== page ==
Duras, Marguerite

(1914-1996)
   Director and screenwriter. Marguerite Duras was born Marguerite Donnadieu in Gia Dinh, Vietnam, during the period of French colonization of what was then Indochina. Her parents were teachers. Her father fell ill and returned to France in 1918 and died in 1921. Duras lived in France with her family for a few years and then relocated to Indochina with her mother and brothers in 1924. Her mother struggled to support them on a teacher's salary. Duras left for France again in 1932, and earned a degree in law and political science at the Sorbonne. She later worked for the French Colonial Office. In 1942, during the German Occupation, Duras joined the French Resistance. Her husband, Robert Antelme, was taken to the Dachau concentration camp and was rescued by François Mitterand. The Holocaust would become one of the central themes of her work. Her first novel, Les Impudents, was published in 1943. Her later novel, Un barrage, was the basis for René Clement's 1958 film, This Angry Age. In 1960, Moderato Cantabile was adapted for Peter Brook's film of the same name.
   Duras entered the cinema more directly when Alain Resnais invited her to write the script of his film, Hiroshima mon amour (1959), and in fact, both she and Resnais would often be grouped under the same critical rubrics by scholars, including le nouveau cinéma, or new cinema, and cinéastes rive gauche, or Left Bank directors. She has also been linked with Agnès Varda, both through her feminist approaches and her categorization as an avant-garde artist. Duras also scripted Henri Colpi's Une aussi longue absence (1961) and codirected La Musica (1967) with Paul Seban. Duras was a widely respected novelist, screenwriter, and left-wing intellectual before her independent directorial debut, Détruire dit-elle (1969). She also published a text of the same name with Les Editions de Minuit in 1969. Both works were shaped in part by the events of May 1968.
   Duras's films were frequently interwoven with her novels and plays — she referred to films as "un livre sur la pelicule" (a book on film), though she resisted conventional cinematic adaptations of her texts. While her films, like her novels, are clearly autobiographical, intentional contradictions in her interviews and writing suggest both a resistance to readings of her work as strictly autobiographical and also recognition of the fragility of powerful, yet unreliable and chaotic memories. Her preoccupation with the voice (and also the sound of silence) in her writing was reflected in her foregrounding of sound in her films.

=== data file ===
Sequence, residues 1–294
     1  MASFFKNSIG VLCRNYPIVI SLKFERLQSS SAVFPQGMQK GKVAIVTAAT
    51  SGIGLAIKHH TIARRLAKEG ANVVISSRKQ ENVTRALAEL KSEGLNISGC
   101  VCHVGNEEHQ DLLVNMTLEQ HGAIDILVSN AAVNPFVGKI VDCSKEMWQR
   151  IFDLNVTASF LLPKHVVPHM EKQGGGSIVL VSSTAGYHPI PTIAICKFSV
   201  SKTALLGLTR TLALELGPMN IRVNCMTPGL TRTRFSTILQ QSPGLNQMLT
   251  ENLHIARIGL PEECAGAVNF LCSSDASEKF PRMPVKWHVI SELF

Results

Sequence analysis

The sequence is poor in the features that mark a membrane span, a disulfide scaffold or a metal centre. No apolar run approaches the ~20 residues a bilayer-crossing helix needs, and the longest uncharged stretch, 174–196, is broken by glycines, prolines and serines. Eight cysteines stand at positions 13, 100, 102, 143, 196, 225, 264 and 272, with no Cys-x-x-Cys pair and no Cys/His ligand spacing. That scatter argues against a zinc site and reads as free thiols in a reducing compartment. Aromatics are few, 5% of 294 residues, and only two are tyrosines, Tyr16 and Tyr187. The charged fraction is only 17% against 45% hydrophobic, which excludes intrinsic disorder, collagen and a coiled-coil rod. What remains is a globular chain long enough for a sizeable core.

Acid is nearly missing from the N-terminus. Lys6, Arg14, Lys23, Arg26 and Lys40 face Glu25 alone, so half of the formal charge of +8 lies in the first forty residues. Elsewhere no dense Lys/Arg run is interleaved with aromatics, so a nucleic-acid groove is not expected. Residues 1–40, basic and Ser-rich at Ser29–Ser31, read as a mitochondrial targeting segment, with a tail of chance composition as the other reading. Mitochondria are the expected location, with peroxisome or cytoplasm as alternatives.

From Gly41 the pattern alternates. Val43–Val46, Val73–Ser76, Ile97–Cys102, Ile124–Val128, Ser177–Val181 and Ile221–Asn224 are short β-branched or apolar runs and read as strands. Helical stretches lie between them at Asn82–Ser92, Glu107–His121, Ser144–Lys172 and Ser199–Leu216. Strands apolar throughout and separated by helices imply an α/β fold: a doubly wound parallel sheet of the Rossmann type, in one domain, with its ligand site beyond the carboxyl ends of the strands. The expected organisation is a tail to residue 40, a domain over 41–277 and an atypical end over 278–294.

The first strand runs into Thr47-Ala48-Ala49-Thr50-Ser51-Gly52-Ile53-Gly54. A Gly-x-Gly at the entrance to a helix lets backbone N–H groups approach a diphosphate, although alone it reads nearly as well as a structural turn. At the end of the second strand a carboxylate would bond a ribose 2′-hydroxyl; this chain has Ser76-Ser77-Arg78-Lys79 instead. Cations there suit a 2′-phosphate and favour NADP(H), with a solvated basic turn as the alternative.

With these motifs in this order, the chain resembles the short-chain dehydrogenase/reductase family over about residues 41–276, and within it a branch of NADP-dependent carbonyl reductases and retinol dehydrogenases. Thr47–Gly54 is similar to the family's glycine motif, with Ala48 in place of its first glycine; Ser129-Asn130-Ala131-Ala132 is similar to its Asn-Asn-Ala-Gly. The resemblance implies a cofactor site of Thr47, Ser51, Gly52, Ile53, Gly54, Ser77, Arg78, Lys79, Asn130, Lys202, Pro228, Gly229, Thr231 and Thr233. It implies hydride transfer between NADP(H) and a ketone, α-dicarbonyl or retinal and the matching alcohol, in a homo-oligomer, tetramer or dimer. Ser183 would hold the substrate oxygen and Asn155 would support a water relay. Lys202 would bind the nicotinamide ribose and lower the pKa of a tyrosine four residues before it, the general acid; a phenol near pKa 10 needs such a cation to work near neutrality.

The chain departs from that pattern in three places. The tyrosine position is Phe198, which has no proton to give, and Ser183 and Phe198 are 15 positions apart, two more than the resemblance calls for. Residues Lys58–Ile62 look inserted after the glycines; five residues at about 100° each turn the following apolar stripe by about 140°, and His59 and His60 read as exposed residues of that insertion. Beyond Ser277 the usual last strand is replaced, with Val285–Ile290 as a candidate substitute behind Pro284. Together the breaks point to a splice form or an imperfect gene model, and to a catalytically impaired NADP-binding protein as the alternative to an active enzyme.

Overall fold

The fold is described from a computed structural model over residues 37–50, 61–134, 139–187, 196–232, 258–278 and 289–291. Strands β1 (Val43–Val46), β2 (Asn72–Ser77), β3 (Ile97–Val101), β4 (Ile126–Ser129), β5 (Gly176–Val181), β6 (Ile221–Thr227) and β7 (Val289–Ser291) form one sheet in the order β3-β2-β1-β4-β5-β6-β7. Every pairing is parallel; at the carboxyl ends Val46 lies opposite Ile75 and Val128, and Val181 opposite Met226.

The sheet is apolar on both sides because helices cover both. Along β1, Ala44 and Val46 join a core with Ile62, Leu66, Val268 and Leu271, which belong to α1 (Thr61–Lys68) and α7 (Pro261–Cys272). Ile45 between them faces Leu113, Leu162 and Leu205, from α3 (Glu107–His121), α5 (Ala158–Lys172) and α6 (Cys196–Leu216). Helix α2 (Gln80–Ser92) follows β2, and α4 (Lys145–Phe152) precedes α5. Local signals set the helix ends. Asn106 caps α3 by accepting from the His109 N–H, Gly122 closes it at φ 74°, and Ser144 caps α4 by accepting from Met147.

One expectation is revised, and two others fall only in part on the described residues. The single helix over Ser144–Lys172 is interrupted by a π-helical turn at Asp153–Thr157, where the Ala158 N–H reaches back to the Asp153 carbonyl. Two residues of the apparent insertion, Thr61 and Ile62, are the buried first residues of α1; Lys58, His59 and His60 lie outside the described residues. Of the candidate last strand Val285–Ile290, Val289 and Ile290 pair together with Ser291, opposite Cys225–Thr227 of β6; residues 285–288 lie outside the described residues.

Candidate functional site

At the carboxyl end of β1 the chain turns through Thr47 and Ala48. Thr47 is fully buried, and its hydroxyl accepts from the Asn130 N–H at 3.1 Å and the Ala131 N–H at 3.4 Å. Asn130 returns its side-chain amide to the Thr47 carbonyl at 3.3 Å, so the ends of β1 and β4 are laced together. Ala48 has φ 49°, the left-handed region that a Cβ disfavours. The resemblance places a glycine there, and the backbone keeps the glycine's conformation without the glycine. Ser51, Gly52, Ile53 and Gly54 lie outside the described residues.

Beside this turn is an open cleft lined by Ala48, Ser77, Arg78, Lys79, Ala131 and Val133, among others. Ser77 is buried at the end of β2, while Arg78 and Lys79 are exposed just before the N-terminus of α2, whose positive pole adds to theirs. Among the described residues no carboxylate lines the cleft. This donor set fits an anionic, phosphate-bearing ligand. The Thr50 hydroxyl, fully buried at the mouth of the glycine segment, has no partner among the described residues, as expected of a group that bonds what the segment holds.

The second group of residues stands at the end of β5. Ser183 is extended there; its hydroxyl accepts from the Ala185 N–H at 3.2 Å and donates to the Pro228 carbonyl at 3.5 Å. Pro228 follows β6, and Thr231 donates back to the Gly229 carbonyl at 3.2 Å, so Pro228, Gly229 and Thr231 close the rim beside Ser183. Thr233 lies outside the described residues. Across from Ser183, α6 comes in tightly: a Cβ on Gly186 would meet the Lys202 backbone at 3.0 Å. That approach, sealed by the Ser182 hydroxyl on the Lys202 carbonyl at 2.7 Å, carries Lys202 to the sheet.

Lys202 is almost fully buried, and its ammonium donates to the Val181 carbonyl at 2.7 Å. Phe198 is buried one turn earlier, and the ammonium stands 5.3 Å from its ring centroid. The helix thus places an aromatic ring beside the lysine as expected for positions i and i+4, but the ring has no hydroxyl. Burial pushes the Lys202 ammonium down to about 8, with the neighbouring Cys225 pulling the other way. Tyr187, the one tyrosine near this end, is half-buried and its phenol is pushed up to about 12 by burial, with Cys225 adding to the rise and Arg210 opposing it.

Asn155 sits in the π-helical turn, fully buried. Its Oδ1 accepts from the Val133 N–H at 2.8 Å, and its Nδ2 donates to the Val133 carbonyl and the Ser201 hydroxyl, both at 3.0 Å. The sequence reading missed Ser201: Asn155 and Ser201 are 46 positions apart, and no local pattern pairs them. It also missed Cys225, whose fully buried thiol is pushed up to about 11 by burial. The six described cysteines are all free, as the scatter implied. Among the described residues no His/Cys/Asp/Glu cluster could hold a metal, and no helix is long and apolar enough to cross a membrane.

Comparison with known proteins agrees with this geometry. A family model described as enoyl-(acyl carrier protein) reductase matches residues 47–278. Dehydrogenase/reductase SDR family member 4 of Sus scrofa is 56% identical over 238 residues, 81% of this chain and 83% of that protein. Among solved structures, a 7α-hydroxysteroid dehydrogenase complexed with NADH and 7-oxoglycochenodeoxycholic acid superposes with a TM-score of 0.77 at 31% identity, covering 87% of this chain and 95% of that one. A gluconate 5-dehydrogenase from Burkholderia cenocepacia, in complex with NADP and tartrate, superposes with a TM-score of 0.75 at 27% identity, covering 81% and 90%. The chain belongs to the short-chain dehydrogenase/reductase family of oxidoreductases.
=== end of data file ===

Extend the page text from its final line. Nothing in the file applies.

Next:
In the 1970s, Duras directed some of her most well-known works, among them Nathalie Granger (1972) and India Song (1975). India Song, starring Delphine Seyrig, is Duras's most prominent film. In India Song, off-screen voices are dislocated from the image track and seem to function independently. Duras reemployed the soundtrack of India Song for her next film, Son Nom Venise dans Calcutta désert (1976), yet created a new set of images.
   Duras's next major film was Le Camion (1977), in which she appeared with Gérard Depardieu. Filmed in Duras's home, Le Camion features Depardieu reading from an unrehearsed script. The film's unusual approach to acting, her real recording of an imagined film, and her complex presentation of narrative has received energetic critical attention. Duras continued to foreground actors' reading of scripts in Le Navire Night (1979), where she reads alongside director Benoît Jacquot. The soundtrack of the film recounts a romance conducted via telephone, while the visual track conjures images of Paris. The disjuncture between sound and image is a hallmark of Duras's films. Duras directed lesser-known works in the 1970s, some of which have limited distribution: Jaune le soleil (1971), La Femme du Gange (1973)—both starring Catherine Sellers—Des journées entières dans les arbres (1976), with Madeleine Renaud and Bulle Ogier, and Baxter, Vera Baxter (1976), with Seyrig and Claudine Gabay. In 1979, four short films by Duras were released: Césarée, Les Mains négatives, Aurélia Steiner (Melbourne), and Aurélia Steiner (Vancouver). The last and longest of the four was inspired by Elie Wiesel's memories of the Holocaust recorded in his autobiographical novel, Night (1958).